It seemed to me that, if accepted, the argument would mean that any firstborn could sue her parents if they depleted her resources (or future inheritance) by having another child. The judge, though, accepted the childrens' plea and ordered the sperm destroyed. Deborah Hecht appealed the decision -- and won. The appellate court scolded the trial judge for his precipitous decision, saying that Kane ''had an interest, in the nature of ownership, to the extent that he had decision-making authority as to the sperm within the scope of policy set by law.''

The appellate court ordered the trial judge to reconsider the case. Since Hecht had inherited 20 percent of the estate, the judge gave her 20 percent of the sperm -- three vials -- which she used to no avail. She sued again, and in 1997, when she was 42, she won the rest of the sperm. As of early 1999, she was trying once more to get pregnant. Meanwhile, William's existing children have sued her again, this time for emotional distress.

Hecht was actually an easy case. William Kane clearly intended the posthumous use of his sperm in precisely the manner in which Deborah Hecht intended to use it. But the comatose men at the Midwest hospital had no wills stating they wanted to have children via electroejaculation. Nor was it likely that any had talked to their friends about that possibility. In the first case, the urologist said, there was evidence that the 25-year-old man and his wife had been trying to have children in the months preceding the accident. However, I had trouble imagining that a man's wishing to have children whom he would actually rear necessarily indicates consent to have children whom he will never see, touch or interact with. In the second case, the man had told people he didn't want children with his second wife at all.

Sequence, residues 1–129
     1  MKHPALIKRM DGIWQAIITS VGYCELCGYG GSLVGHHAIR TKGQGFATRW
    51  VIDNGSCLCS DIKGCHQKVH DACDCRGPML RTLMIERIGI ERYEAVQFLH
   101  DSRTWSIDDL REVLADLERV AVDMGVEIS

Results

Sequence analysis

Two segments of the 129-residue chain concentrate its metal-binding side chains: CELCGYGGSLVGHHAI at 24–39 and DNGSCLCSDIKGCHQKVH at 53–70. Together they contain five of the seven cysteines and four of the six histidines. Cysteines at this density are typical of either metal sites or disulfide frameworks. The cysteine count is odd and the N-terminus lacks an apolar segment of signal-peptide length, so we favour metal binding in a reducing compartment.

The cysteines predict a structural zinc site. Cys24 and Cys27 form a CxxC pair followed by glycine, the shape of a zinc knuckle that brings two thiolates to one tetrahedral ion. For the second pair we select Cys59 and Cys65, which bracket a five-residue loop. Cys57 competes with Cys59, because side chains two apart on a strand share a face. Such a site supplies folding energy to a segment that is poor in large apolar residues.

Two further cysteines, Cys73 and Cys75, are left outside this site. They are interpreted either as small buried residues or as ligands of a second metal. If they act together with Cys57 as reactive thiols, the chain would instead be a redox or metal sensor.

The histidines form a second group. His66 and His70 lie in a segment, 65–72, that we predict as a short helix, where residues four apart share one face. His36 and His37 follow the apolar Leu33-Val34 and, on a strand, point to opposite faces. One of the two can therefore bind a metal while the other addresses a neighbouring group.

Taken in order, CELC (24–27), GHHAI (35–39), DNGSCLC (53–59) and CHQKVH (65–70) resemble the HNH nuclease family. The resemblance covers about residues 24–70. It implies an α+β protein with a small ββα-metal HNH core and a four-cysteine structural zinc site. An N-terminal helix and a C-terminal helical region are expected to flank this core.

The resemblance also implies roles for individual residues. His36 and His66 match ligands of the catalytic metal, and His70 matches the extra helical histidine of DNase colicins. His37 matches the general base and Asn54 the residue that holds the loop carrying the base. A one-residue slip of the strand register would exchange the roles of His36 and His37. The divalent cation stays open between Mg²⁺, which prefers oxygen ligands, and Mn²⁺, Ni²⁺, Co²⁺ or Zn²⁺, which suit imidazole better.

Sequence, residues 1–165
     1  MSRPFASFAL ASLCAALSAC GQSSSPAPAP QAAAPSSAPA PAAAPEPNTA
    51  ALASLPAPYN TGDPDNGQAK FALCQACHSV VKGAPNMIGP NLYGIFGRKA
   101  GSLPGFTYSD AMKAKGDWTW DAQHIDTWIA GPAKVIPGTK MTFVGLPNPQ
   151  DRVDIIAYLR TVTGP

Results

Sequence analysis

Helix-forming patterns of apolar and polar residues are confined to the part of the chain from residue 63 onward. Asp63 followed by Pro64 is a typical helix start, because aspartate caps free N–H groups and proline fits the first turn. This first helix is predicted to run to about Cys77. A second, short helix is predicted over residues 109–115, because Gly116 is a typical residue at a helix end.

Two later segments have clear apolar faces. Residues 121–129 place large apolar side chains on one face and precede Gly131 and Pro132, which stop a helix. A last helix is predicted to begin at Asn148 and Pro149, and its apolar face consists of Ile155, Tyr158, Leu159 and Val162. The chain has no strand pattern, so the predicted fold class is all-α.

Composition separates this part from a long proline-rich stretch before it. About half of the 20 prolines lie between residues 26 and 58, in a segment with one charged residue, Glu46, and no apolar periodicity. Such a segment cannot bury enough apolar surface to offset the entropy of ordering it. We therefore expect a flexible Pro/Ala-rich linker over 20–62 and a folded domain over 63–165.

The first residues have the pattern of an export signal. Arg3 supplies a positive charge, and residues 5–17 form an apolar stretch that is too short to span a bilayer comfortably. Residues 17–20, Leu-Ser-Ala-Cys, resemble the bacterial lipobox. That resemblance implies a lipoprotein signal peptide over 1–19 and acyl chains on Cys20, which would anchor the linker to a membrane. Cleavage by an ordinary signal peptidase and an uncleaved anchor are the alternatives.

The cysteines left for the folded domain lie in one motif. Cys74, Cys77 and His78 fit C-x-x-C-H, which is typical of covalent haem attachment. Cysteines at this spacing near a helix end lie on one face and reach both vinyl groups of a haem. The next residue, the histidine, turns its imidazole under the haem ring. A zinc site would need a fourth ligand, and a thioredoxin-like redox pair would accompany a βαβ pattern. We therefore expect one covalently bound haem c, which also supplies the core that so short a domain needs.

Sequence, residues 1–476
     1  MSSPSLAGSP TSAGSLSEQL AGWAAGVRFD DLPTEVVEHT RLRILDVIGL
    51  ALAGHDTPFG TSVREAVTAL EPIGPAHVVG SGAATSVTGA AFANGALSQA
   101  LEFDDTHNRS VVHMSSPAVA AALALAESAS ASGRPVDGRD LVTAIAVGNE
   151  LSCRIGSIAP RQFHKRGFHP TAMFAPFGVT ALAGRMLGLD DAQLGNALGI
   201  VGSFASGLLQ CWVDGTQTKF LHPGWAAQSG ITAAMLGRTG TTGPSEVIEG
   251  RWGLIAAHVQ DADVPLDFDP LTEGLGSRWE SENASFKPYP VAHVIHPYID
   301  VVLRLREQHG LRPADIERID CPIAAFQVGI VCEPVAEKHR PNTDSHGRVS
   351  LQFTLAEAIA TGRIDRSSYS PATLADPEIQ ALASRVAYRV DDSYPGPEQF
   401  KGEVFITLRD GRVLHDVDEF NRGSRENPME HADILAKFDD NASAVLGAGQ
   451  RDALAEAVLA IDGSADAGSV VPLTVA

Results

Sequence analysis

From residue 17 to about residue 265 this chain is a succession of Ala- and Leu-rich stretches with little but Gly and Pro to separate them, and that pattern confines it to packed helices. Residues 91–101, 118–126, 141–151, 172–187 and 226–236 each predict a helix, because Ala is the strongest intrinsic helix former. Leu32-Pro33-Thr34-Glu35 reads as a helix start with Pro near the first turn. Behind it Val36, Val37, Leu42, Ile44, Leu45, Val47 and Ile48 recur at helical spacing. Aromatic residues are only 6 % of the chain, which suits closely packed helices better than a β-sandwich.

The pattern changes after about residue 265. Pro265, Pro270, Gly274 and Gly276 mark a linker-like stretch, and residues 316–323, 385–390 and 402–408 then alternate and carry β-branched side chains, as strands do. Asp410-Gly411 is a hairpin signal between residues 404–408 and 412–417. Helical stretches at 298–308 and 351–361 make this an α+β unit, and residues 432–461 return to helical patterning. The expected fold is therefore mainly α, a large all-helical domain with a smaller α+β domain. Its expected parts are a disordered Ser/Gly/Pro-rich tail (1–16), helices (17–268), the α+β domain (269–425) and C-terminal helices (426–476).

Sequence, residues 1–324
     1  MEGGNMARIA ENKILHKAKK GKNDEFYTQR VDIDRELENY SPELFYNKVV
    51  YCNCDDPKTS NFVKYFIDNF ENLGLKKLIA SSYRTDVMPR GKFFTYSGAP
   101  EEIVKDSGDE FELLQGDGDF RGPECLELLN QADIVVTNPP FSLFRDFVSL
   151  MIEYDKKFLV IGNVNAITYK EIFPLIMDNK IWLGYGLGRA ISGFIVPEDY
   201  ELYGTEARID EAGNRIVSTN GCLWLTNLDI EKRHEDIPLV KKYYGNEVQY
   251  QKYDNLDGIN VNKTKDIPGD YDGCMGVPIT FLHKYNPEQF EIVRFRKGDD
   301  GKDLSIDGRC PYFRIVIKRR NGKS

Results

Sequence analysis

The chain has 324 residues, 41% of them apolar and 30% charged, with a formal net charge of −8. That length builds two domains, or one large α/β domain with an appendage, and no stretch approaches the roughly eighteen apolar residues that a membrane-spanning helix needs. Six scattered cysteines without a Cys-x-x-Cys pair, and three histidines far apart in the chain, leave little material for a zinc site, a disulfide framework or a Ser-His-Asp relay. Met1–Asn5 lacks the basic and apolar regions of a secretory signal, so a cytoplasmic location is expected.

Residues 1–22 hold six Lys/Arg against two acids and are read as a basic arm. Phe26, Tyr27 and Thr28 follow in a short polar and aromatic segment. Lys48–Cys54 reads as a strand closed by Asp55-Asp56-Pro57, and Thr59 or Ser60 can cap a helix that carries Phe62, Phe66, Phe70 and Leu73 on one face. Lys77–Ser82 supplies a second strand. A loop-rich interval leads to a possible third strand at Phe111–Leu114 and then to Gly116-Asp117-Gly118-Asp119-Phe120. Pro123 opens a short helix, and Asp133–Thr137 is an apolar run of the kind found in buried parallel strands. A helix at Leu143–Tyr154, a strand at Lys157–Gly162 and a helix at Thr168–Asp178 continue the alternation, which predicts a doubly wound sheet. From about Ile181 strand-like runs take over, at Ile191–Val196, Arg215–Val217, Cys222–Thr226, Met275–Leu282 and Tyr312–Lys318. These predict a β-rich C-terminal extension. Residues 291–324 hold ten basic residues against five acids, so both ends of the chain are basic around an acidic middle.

The law is clear that if a woman wants an abortion, her husband can't force her to have a child. Why should she be able to force her husband to become a father? Some men in comas do wake up, after all. How would a man feel to learn he had become a father, through no effort of his own, while comatose?

The urologist argued that doctors have been harvesting sperm from dead men for years. California is the epicenter of dead men procreating (or at least having the potential to do so), owing largely to Cappy Rothman, a co-owner of the California Cryobank and broker to the child about to be born in California. Rothman has been performing the procedure since 1978, when he retrieved sperm from an unmarried 19-year-old for the benefit of his parents, who wanted to continue their lineage.

In October 1997, Rothman and I both testified in a New York Legislature hearing where the question on the table was, Should a dead man's sperm be used without his previous consent? Rothman claimed there is less grief for the wife and other family members if some of the dead man's sperm is saved. He told legislators: ''In one case where a man died by gunshot and I collected his sperm, his family followed me to the sperm bank and were consoled by seeing motile sperm under the microscope. To console families in that way at a time of grief and tragedy is clearly part of my responsibility as a healer.''

But short-term consolation may lead to long-term psychological or social consequences. The net effect may be simply to prolong the grieving process. What happens to the wife who remarries and decides to have a child? Will she feel guilty if she doesn't use sperm from her dead husband? Further, different family members grieve in different ways. As the Kane case showed, some family members might not be pleased by the idea of fathering from the grave. And what if the wife didn't want to use her dead husband's sperm, but the man's parents did, offering to hire a surrogate mother?